Scots small businesses oppose income tax increase in budget

Most small businesses in Scotland are opposed to an increase in income tax and believe it will harm the economy, a survey has found, adding to pressure on the SNP ahead of the budget this week.

Finance Secretary Derek Mackay

With the Finance Secretary Derek Mackay widely tipped to raise taxes when he delivers his budget statement on Thursday, the Federation of Small Businesses (FSB) found that just 21 per cent of owners back an increase.

It came as the co-convener of the Scottish Greens, whose support will be crucial for the minority SNP government to pass its budget, signalled that the party would not vote for a financial plan that doesn’t include tax rises.

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Patrick Harvie said it was “clear that there’s a growing consensus for a more progressive system of income tax”. Mr Mackay is expected to announce tax rises after Nicola Sturgeon said the time was right to consider “modest” increases to fund public services.

The FSB polled 315 businesses in Scotland in November to gauge support for tax hikes. 58.3 per cent of those polled by FSB said they wanted income tax rates to stay the same, with 20.7 per cent backing a decrease and 21.0 per cent supporting a rise.

65 per cent said an increase in income tax would be detrimental to the economy, compared to 18 per cent who thought it would be a boost and 17 per cent who suggested it would have no impact.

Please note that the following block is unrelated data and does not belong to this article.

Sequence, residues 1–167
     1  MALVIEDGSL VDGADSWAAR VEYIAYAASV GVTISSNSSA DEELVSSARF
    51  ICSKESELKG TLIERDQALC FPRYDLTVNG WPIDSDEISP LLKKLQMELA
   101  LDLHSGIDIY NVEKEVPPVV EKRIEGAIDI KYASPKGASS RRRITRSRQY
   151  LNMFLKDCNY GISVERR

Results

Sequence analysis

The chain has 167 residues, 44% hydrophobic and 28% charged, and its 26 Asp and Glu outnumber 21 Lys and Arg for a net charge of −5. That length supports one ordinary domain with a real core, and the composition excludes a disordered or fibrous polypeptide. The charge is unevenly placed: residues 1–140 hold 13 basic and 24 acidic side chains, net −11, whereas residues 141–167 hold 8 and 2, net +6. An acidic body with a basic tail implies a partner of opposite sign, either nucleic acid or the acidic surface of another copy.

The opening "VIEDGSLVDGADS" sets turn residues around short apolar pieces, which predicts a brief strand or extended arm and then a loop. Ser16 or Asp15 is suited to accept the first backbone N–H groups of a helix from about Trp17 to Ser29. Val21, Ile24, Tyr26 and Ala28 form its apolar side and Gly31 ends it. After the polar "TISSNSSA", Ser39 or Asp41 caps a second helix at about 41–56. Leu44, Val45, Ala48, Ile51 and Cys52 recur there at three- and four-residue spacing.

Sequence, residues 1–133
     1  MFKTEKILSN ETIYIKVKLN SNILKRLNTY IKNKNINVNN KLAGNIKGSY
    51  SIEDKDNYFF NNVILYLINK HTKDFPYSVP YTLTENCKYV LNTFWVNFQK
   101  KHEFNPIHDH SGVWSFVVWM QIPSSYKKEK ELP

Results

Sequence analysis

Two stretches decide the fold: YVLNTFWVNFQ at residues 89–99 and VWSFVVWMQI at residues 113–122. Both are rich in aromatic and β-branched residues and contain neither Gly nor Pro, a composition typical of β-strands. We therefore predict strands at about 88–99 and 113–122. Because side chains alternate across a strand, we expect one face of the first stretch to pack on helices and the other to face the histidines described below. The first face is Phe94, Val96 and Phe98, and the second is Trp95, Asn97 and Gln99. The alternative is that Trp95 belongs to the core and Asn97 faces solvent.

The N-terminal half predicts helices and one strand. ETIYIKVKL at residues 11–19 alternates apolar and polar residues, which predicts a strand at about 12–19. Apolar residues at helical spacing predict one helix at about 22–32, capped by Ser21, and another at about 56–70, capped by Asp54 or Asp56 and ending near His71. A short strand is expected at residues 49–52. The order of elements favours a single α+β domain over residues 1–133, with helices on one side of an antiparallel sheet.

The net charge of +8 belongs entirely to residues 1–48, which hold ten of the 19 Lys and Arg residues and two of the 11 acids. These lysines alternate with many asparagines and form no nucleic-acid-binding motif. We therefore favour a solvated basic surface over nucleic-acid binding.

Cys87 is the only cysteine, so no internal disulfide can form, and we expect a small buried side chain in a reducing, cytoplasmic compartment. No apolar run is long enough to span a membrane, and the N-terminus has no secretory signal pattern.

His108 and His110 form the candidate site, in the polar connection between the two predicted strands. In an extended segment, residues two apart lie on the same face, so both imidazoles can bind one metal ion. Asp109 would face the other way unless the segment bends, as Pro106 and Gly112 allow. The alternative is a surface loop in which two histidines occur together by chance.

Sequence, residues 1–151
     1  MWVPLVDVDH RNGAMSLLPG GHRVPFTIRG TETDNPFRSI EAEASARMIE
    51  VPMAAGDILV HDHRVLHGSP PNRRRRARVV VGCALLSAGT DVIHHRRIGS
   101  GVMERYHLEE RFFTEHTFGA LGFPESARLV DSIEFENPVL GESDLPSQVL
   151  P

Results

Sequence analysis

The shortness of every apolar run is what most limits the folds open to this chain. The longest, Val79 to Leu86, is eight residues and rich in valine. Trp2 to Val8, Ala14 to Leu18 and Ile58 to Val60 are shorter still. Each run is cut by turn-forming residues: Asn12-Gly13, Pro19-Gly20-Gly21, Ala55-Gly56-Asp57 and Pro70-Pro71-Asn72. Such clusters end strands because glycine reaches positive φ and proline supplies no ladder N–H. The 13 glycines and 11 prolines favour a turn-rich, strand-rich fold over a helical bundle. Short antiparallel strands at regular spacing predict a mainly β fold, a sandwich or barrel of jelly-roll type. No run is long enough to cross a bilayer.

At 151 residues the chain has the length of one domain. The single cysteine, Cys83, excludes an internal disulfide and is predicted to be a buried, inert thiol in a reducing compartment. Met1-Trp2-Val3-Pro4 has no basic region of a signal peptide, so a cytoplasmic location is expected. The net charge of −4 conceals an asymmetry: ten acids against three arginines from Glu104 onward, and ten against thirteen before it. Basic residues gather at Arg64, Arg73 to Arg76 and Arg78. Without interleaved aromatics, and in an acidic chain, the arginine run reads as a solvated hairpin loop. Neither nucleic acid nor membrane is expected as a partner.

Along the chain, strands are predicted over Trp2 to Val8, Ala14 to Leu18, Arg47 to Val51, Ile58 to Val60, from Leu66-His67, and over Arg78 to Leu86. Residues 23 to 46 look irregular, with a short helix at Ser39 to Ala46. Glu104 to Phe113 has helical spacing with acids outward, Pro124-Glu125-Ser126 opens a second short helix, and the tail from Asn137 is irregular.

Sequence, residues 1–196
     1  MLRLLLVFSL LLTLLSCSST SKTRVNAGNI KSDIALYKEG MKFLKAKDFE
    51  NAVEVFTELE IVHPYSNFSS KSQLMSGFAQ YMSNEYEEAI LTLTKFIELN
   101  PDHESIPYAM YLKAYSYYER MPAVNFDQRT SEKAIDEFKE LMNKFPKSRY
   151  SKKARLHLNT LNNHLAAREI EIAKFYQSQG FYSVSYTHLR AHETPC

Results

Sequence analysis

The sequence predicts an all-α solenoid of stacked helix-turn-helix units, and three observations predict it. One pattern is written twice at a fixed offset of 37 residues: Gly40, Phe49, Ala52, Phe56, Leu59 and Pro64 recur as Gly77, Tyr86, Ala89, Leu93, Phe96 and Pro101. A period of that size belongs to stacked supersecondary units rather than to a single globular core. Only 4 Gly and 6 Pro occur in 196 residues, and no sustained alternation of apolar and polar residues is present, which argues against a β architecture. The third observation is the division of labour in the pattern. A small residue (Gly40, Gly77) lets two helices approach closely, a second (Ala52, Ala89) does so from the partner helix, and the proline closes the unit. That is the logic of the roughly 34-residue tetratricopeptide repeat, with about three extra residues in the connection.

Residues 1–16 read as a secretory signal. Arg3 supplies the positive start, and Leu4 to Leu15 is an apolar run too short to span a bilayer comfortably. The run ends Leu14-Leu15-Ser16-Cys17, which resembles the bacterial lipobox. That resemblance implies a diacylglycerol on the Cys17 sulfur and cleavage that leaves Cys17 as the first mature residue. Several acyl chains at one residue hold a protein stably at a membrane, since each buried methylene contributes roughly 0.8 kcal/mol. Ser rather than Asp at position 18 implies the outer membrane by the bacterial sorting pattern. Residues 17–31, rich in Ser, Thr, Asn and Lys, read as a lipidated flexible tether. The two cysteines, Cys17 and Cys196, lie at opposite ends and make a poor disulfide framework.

Scottish Conservative finance spokesman Murdo Fraser said: “There is now a serious consensus within Scotland’s business community that the SNP should not increase income tax.

“The Nationalists must listen to this, or else workers will be hit in the pocket and the broader economy damaged.”

FSB Scottish policy convenor Andy Willox said: “A clear majority of those that run their own business in Scotland don’t want the Finance Secretary to increase income tax rates.

“Those asked warned of the impact on the wider economy, and little wonder with pressure on household incomes and uncertainties about the impact of Brexit.”

The First Minister has set out four options indicating that those earning more than £31,000 could be in line to pay more.

The government’s four alternative approaches include having anything up to six tax bands, while three out of the four feature a 50p additional rate and incremental changes to the basic and higher rates.

The FSB survey found that just under half of business owners preferred the proposal with the largest number of bands and rates, around a third wanted rates hiked for high earners.